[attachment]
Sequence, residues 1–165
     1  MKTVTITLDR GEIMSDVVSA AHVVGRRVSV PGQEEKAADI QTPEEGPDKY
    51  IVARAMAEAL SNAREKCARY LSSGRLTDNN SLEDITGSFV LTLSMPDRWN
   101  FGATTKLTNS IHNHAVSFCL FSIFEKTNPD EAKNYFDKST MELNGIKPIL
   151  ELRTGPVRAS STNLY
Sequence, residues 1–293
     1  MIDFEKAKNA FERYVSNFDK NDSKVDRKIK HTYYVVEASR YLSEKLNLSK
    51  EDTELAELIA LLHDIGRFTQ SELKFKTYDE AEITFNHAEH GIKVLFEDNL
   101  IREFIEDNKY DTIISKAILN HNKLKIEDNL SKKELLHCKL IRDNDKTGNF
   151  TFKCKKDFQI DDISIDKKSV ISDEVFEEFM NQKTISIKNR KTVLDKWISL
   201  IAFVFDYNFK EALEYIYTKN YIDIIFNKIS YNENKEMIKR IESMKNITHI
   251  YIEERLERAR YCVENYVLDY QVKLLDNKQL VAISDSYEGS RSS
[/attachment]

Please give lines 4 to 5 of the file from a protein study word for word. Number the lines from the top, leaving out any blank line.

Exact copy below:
   101  FGATTKLTNS IHNHAVSFCL FSIFEKTNPD EAKNYFDKST MELNGIKPIL
   151  ELRTGPVRAS STNLY